- British National Formulary (76th ed.). Pharmaceutical Press. 2018. pp. 419–420. ISBN 978-0-85711-338-2.
- "Ropinirole Hydrochloride Monograph for Professionals". Drugs.com. American Society of Health-System Pharmacists. Retrieved 3 March 2019.
- "Ropinirole Pregnancy and Breastfeeding Warnings". Drugs.com. Retrieved 3 March 2019.
- "The Top 300 of 2020". ClinCalc. Retrieved 7 October 2022.
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- Clinical trial number NCT00334048 at ClinicalTrials.gov - "Treating Sexual Dysfunction From SSRI Medication: a Study Comparing Requip CR to Placebo"
- Tompson D, Hewens D, Earl N, Oliveira D, Taubel J, Swan S, Giorgi L (7–11 June 2009). An open-label, parallel-group, repeat-dose study to investigate the effects of end-stage renal disease and haemodialysis on the pharmacokinetics of ropinirole] (PDF). 13th International Congress of Parkinson’s Disease and Movement Disorders. Paris, France. Archived from the original (PDF) on 17 March 2012.
- Garcia-Borreguero D, Grunstein R, Sridhar G, Dreykluft T, Montagna P, Dom R, et al. (November 2007). "A 52-week open-label study of the long-term safety of ropinirole in patients with restless legs syndrome". Sleep Medicine. 8 (7–8): 742–752. doi:10.1016/j.sleep.2006.09.009. PMID 17512789.
- Bostwick JM, Hecksel KA, Stevens SR, Bower JH, Ahlskog JE (April 2009). "Frequency of new-onset pathologic compulsive gambling or hypersexuality after drug treatment of idiopathic Parkinson disease". Mayo Clinic Proceedings. 84 (4): 310–316. doi:10.4065/84.4.310. PMC 2665974. PMID 19339647.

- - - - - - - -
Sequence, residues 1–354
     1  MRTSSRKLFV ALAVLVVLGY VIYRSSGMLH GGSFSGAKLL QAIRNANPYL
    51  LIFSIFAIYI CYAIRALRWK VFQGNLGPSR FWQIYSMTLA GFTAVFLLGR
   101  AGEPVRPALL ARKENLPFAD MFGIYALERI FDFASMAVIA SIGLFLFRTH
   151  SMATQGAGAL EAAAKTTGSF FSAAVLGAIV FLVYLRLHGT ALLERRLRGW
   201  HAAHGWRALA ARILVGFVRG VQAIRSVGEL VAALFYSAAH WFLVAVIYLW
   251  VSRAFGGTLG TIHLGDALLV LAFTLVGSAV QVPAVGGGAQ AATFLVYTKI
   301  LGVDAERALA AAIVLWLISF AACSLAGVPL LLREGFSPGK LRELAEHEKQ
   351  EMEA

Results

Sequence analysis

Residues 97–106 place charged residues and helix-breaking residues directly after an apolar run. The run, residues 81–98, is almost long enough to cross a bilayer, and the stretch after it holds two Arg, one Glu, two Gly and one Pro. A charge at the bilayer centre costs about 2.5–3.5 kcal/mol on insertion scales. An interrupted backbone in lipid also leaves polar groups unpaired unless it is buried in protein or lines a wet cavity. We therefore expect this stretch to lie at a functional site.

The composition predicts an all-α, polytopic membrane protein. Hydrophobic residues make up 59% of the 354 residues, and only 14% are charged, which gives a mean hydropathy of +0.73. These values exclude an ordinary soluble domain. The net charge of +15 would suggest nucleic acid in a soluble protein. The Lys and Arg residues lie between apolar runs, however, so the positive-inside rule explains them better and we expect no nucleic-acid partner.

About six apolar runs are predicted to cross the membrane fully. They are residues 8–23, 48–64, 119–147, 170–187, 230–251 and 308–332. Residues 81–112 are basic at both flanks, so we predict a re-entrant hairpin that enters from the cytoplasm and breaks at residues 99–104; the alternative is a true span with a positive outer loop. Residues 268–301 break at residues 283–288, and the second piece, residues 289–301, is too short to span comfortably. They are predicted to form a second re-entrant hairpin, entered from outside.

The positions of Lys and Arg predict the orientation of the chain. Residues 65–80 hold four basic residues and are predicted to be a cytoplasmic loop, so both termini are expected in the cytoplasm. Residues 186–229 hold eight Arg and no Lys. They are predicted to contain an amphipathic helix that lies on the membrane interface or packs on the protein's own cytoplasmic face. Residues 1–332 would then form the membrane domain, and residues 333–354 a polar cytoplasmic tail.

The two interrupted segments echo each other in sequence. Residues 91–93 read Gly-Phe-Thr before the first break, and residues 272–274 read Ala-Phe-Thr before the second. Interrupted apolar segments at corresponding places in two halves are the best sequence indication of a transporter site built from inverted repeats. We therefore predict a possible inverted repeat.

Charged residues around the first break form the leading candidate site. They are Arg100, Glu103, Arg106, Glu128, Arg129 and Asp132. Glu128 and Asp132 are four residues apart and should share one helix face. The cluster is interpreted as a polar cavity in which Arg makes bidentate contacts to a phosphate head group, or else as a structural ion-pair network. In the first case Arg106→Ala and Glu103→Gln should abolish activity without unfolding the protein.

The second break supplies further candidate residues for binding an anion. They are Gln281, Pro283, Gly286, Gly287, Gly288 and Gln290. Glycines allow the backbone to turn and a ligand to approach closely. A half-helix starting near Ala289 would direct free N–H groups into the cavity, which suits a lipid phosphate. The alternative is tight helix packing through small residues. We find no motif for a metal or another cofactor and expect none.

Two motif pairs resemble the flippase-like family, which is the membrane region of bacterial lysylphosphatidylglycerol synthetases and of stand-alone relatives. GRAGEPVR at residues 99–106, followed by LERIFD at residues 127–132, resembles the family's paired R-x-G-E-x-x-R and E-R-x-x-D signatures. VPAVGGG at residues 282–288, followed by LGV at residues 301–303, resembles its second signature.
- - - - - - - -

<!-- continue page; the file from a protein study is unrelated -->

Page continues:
- "What is Augmentation?" (PDF). Austin, Texas: Restless Legs Syndrome (RLS) Foundation. Archived from the original (PDF) on 9 May 2018. Retrieved 8 May 2018.
- Shill HA, Stacy M (2009). "Update on ropinirole in the treatment of Parkinson's disease". Neuropsychiatric Disease and Treatment. 5: 33–36. PMC 2695212. PMID 19557097.
- Eden RJ, Costall B, Domeney AM, Gerrard PA, Harvey CA, Kelly ME, et al. (January 1991). "Preclinical pharmacology of ropinirole (SK&F 101468-A) a novel dopamine D2 agonist". Pharmacology, Biochemistry, and Behavior. 38 (1): 147–154. doi:10.1016/0091-3057(91)90603-Y. PMID 1673248. S2CID 26842270.
- Lipp E (1 August 2008). "Novel Approaches to Lead Optimization". Genetic Engineering & Biotechnology News. Drug Discovery. Vol. 28, no. 14. Mary Ann Liebert. p. 20. ISSN 1935-472X. Retrieved 28 September 2008. Note: The opinion that ropinirole's use in RLS was a successful example of drug repurposes was reported as being that of Josef Scheiber, a post-doctoral fellow at the Novartis Institutes for BioMedical Research.
- Wong C (29 November 2012). "Court Rules Parkinson's Drug Turned Straight Patient Into A Gay Sex Addict". Huffington Post.